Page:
Manoharam is a typical South Indian snack usually prepared for weddings as seer, Bakshanam which means a certain no of each variety of sweets and savories are to be gifted to the bridegrooms family at the time of the wedding and this is a typical preferred snack as a light crunchy jaggery coated spiral.
Just like the Thenkuzhal, this is also deep fried and then broken into small pieces and dipped in thick jaggery syrup to be rolled into small crunchy balls.
2 cups Rice flour
1 cup Moong dal flour
1/4 tsp Salt
1 1/2 tbsp butter
1 cup Jaggery (grated)
Oil for frying
Dry roast the moong dal til it becomes golden and aromatic.Take a bowl, add all the flours, salt,butter and before adding the water, mix the flours well and rub the butter in the flours and they will resemble coarse grains.with very little water at a time, prepare the dough for Manoharam.
Deep fry the smooth coils in oil, turning well on both the sides.
Drain well in a colander.
The cooled coils will be broken to bits.
To prepare thhe jagery g syrup, heat the powdered jaggery in about 1 cup of water in a heavy bottomed pan. When the jaggery is completely melted, strain to remove the impurities.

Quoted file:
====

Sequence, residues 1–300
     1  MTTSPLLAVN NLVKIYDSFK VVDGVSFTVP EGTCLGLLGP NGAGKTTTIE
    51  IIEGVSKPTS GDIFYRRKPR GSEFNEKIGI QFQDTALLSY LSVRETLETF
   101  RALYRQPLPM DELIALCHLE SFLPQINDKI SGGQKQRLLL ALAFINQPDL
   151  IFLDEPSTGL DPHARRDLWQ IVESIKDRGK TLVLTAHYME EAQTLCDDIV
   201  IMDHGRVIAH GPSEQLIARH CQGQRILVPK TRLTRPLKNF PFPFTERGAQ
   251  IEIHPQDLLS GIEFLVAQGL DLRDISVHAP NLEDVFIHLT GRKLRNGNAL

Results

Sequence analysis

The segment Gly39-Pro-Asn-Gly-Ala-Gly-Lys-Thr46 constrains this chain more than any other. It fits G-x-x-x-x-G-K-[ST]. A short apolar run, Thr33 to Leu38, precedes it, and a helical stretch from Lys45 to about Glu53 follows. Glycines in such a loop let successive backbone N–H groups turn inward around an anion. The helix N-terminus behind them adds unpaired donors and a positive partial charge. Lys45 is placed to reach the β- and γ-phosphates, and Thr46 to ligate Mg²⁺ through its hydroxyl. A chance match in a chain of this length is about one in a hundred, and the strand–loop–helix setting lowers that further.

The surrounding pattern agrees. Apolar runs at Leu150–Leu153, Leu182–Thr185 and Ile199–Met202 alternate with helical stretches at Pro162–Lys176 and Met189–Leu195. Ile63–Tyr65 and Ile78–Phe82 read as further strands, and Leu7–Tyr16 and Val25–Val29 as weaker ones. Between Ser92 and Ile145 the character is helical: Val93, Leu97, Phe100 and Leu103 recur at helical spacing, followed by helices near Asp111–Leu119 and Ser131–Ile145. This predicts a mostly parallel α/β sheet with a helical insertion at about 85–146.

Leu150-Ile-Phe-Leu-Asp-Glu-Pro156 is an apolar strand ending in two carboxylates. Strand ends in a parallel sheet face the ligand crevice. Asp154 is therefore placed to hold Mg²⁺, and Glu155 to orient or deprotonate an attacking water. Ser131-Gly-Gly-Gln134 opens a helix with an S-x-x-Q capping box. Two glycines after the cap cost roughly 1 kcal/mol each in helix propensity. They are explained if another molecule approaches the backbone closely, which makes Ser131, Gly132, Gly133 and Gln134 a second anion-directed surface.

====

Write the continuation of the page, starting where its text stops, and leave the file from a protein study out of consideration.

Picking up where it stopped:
Thicken th strained syrup to a sticky consistency, which means they will form a ball when dropped in water to test.
To check the right consistency, take a small bowl of water and drop a bit of the jaggery syrup, you should be able to make small ball in the water , it if it remains in shape, it means your syrup is of correct consistency.
Let it simmer for some more time if it keeps dissolving in the water.
When the jaggery is melted to the right consistency, mix all the broken pieces of thenkuzhal in the syrup to coat well.
Manoharam is ready to be served. But serve after it is completely cooled.
The thenkuzhal will then be mixed in thick jaggery syrup, when cooled and can be rolled into balls.
A tasty , mildly sweet murruka is ready. Usually served rolled into small balls.
in the pic below i used a lighter jaggery so the colour is mild